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Latest posts by Dovefromabove

Dead apple tree

Posted: 16/04/2015 at 17:59

Is it normally that wet around it?


Bay Rot

Posted: 16/04/2015 at 17:57

Yes, I'd keep the base clear of dead leaves etc.  I think that rot may spell the beginning of the end for that bay, but it may take a good while to reach the end.  In the meantime I'd take some cuttings and start growing some new bays in pots so that when the time comes you have something to replace it with.

I find the best way to take cuttings from bay is to use those thin shoots that are coming out of the base, and tear them away from the stump bring a little 'heel' of the stump with them.

Like this

 I dip the end in some hormone rooting gel and put several around the edge of a pot filled with a gritty compost.  Then put in a cold frame or leave in a sheltered (shady) corner of the garden - make sure it doesn't dry out but it doesn't need to be wet and boggy.  Leave it there until you see new growth (which may be a year later) when you can pot on the cuttings individually. 

If you want to grow it as a 'bush' then nip out the tip, but if you want to grow 'lollipop bays' don't nip the tips out.

Good luck

Have I killed my bay trees?

Posted: 16/04/2015 at 17:42

Whereabouts do you live Emily?  I'm in Norfolk and my bay tree stays outside and uncovered all winter - even in the very hard winter we had a few years ago - I just wrap the pot in bubblewrap and raise it off the ground a bit to make sure it doesn't freeze solid.  However, it is in a much bigger pot than yours.

I would repot yout trees into pots at least twice the size that they're in at the moment.  Use John Innes Soil based compost No 3, and add one third horticultural grit to improve drainage.  Give the roots a good soaking before you repot and tease the roots out at the edges and bottom a little in case it's getting potbound.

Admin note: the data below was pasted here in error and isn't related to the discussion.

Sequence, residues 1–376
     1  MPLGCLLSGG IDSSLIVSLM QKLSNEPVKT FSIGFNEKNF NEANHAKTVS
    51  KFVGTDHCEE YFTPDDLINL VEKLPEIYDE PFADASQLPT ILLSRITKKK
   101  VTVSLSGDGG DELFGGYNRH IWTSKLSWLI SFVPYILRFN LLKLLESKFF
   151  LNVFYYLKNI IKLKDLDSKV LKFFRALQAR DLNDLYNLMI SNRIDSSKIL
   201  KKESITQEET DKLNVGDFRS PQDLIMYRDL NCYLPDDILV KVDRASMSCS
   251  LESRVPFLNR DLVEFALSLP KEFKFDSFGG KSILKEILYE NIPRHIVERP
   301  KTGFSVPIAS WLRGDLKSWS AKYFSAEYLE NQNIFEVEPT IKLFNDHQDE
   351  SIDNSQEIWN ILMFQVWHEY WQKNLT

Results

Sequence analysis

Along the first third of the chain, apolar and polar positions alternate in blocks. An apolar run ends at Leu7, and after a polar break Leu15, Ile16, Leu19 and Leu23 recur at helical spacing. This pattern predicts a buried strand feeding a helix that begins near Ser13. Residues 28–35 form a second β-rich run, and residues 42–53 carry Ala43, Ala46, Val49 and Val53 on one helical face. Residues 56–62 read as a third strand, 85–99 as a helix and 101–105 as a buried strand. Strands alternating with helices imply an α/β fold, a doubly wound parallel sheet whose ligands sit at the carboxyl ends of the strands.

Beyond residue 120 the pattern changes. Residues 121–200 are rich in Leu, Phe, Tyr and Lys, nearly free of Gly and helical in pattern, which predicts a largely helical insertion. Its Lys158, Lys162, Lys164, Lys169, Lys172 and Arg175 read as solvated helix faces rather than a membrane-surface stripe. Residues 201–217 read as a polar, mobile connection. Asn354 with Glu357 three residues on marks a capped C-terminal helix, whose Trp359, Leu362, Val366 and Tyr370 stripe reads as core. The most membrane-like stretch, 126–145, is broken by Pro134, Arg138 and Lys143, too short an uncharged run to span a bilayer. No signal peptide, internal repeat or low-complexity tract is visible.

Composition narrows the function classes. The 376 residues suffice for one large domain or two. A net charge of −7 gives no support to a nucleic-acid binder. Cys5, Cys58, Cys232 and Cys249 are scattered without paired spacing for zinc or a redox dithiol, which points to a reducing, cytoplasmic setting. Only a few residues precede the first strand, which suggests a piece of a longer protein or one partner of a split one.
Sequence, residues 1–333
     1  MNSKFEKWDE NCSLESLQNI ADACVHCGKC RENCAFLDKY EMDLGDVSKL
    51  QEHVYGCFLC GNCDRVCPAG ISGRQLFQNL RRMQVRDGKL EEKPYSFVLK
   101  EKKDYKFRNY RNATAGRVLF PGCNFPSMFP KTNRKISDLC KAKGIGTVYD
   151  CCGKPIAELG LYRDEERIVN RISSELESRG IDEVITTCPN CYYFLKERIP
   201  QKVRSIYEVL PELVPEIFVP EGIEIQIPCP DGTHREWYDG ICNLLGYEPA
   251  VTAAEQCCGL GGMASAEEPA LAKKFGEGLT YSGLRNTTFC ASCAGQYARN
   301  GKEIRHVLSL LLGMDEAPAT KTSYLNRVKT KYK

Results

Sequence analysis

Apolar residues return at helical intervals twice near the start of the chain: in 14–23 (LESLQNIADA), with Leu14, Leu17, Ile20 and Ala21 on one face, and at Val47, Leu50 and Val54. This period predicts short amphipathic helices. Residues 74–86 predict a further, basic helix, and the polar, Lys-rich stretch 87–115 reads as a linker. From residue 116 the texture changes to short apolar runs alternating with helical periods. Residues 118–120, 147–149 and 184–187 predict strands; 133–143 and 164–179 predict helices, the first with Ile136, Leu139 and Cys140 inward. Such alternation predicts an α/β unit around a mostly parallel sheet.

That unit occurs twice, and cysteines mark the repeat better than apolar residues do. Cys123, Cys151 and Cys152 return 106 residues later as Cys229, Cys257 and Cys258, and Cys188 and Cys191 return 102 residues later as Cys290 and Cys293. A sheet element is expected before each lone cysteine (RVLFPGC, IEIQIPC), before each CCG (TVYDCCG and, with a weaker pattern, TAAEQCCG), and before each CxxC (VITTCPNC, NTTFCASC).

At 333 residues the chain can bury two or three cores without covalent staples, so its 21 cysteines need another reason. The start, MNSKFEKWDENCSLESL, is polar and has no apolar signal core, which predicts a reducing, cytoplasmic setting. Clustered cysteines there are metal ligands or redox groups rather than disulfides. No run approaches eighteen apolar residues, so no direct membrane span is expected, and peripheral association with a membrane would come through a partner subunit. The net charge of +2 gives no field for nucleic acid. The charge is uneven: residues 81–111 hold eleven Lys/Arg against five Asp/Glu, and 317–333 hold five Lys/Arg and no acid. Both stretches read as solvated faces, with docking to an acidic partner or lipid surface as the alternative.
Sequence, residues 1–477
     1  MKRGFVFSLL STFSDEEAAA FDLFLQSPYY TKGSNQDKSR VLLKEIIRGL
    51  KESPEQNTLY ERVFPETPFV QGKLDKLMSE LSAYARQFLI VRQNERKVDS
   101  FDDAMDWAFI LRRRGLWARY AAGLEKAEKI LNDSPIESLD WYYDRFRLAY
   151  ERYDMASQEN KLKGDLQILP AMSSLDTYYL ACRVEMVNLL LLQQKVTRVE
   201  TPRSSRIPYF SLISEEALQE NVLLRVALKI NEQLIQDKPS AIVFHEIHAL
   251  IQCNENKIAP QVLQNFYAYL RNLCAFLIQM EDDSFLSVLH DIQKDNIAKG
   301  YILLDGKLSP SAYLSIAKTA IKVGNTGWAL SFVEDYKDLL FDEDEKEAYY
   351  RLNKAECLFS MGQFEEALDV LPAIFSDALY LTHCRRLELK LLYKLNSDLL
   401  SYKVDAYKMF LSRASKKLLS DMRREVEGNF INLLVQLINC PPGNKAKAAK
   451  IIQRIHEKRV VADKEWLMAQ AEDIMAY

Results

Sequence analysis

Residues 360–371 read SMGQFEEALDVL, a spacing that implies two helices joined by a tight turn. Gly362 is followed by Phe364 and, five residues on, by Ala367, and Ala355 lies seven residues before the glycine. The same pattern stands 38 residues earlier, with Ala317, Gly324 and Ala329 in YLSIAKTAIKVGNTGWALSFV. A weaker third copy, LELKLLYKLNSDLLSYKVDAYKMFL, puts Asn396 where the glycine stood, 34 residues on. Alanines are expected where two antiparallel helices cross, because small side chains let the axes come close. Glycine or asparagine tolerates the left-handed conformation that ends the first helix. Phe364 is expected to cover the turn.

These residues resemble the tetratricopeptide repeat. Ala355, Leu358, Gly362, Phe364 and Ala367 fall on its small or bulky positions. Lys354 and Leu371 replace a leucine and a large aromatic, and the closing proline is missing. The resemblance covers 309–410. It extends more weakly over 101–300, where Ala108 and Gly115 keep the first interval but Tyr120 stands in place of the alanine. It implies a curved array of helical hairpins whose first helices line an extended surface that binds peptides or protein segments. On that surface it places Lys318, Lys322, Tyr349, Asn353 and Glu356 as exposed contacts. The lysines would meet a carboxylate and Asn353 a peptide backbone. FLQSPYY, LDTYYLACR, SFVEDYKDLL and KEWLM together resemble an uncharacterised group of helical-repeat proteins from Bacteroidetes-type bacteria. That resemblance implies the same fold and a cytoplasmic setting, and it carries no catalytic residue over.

Hopefully your bay will start to show new leaf buds and the old dead leaves will fall off - it will look very bare for a while but as long as there are buds it'll be fine.

I find that if my bay is looking a bit ropey, giving the leaves a weekly spraying with diluted seaweed fertiliser really perks it up.

This is a picture of my bay (grown from a cutting about 10 years ago) to show you the size of pot mine lives in now.

 Apart from giving it plenty of root room, there's no way that'll blow over in the breeze!

Good luck

Plum Fruit Moth?

Posted: 16/04/2015 at 16:53

Info about the use of pheromone traps here

A present for the birds

Posted: 16/04/2015 at 16:20

I do that with the moss that I rake out of the back lawn - we have a never-ending supply!


Posted: 16/04/2015 at 15:50

Then we shall keep our fingers crossed for flowers very soon

Let us know how things progress

Laurel hedge

Posted: 16/04/2015 at 15:31

They're looking a bit stressed and are trying to flower.

Were they regularly watered last summer? 

I'd cut them hard knee height, then give them a sprinkling of fish blood & bone (as directed on the pack), a good soaking at the roots and then a thick mulch with organic matter like composted bark.

Then a good regular watering regime throughout the summer.  They need two buckets of water per plant at least twice a week.  Three times a week in a dry spell.


Dead apple tree

Posted: 16/04/2015 at 15:25

But we hardly had any rain for months and months last year - at least here in East Anglia we didn't.

What an absolute  picture that is - such a shame it's gone

Veg Patch

Posted: 16/04/2015 at 15:14

As has been said, your soil will be fine to grow those crops - and each year you'll add homemade compost and/or manure and each year the soil will get better and better

Dead apple tree

Posted: 16/04/2015 at 14:16

If it has been there and fruiting for 25 years it's hard to think of something in the soil that would kill it unless something has changed, other than honeyfungus - have you lost any other trees/shrubs?

Just a thought, but from your photo it looks to be planted very close to the fence -  plants positioned close to a fence notoriously suffer from drought as fences and walls create a 'rain shadow' - coupled with this we had a very long very dry spell last year.  Could your tree have suffered from drought last year?  Did you give it plenty of water through the dry spell?

If it was affected by drought, that could have weakened the tree and allowed some sort of infection to strike.

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